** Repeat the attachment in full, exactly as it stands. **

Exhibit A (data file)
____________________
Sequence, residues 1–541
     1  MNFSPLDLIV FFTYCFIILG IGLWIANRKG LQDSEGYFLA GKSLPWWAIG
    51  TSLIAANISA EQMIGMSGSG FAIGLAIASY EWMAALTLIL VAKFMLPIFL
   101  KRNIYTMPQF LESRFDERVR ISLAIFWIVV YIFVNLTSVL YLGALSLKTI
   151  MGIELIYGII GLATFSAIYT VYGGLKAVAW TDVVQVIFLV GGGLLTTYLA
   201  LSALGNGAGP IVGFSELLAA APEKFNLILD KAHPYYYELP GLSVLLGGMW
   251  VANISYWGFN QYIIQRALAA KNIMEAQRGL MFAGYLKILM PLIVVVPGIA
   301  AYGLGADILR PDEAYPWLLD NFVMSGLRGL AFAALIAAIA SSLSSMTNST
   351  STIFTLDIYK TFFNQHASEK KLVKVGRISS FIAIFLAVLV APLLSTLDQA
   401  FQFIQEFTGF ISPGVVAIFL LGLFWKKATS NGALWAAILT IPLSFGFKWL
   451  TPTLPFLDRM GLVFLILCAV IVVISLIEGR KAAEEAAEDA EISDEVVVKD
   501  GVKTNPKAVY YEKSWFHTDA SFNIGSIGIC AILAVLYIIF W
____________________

Sequence, residues 1–541
     1  MNFSPLDLIV FFTYCFIILG IGLWIANRKG LQDSEGYFLA GKSLPWWAIG
    51  TSLIAANISA EQMIGMSGSG FAIGLAIASY EWMAALTLIL VAKFMLPIFL
   101  KRNIYTMPQF LESRFDERVR ISLAIFWIVV YIFVNLTSVL YLGALSLKTI
   151  MGIELIYGII GLATFSAIYT VYGGLKAVAW TDVVQVIFLV GGGLLTTYLA
   201  LSALGNGAGP IVGFSELLAA APEKFNLILD KAHPYYYELP GLSVLLGGMW
   251  VANISYWGFN QYIIQRALAA KNIMEAQRGL MFAGYLKILM PLIVVVPGIA
   301  AYGLGADILR PDEAYPWLLD NFVMSGLRGL AFAALIAAIA SSLSSMTNST
   351  STIFTLDIYK TFFNQHASEK KLVKVGRISS FIAIFLAVLV APLLSTLDQA
   401  FQFIQEFTGF ISPGVVAIFL LGLFWKKATS NGALWAAILT IPLSFGFKWL
   451  TPTLPFLDRM GLVFLILCAV IVVISLIEGR KAAEEAAEDA EISDEVVVKD
   501  GVKTNPKAVY YEKSWFHTDA SFNIGSIGIC AILAVLYIIF W